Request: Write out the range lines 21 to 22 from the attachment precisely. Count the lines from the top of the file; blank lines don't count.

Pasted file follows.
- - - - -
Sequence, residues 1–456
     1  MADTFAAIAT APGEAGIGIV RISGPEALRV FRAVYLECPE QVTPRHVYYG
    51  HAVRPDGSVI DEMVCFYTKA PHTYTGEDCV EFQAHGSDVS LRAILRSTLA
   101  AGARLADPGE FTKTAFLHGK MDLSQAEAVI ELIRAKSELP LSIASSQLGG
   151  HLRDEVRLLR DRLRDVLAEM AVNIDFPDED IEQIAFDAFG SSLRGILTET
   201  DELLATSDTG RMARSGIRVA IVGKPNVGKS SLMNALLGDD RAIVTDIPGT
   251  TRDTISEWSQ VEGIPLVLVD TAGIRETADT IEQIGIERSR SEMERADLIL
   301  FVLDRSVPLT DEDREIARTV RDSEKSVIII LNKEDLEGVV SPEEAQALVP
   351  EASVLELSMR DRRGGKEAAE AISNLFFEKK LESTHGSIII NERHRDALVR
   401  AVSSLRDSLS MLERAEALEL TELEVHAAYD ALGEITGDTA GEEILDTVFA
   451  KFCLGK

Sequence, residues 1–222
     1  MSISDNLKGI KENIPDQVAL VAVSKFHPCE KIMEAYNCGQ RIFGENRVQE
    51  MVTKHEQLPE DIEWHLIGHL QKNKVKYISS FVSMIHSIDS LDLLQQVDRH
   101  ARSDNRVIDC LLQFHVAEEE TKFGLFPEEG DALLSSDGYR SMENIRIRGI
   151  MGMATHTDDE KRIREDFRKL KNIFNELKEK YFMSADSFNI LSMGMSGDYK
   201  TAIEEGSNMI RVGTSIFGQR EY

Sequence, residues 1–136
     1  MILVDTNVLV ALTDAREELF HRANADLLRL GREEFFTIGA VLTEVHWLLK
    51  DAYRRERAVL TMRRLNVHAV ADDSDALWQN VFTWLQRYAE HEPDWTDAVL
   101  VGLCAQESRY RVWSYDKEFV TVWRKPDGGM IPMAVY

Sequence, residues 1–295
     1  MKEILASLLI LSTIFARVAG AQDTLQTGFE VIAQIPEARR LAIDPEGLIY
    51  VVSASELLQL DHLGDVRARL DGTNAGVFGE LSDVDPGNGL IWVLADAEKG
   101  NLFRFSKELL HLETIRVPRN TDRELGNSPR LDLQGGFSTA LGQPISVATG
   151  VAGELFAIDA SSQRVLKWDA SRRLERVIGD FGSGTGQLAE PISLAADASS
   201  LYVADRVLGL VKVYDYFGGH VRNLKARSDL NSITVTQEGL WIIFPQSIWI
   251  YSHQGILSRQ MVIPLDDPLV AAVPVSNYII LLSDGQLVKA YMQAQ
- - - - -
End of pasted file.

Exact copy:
   101  VGLCAQESRY RVWSYDKEFV TVWRKPDGGM IPMAVY

Sequence, residues 1–295